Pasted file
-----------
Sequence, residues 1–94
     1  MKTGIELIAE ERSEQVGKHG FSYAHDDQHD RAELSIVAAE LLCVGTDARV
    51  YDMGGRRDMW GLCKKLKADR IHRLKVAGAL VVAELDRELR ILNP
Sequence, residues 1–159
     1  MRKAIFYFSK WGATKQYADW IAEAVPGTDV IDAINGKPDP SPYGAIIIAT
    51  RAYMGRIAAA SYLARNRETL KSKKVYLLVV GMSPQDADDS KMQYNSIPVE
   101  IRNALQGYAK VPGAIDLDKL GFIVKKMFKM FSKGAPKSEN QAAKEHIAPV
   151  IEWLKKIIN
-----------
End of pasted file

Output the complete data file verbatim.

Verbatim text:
Sequence, residues 1–94
     1  MKTGIELIAE ERSEQVGKHG FSYAHDDQHD RAELSIVAAE LLCVGTDARV
    51  YDMGGRRDMW GLCKKLKADR IHRLKVAGAL VVAELDRELR ILNP
Sequence, residues 1–159
     1  MRKAIFYFSK WGATKQYADW IAEAVPGTDV IDAINGKPDP SPYGAIIIAT
    51  RAYMGRIAAA SYLARNRETL KSKKVYLLVV GMSPQDADDS KMQYNSIPVE
   101  IRNALQGYAK VPGAIDLDKL GFIVKKMFKM FSKGAPKSEN QAAKEHIAPV
   151  IEWLKKIIN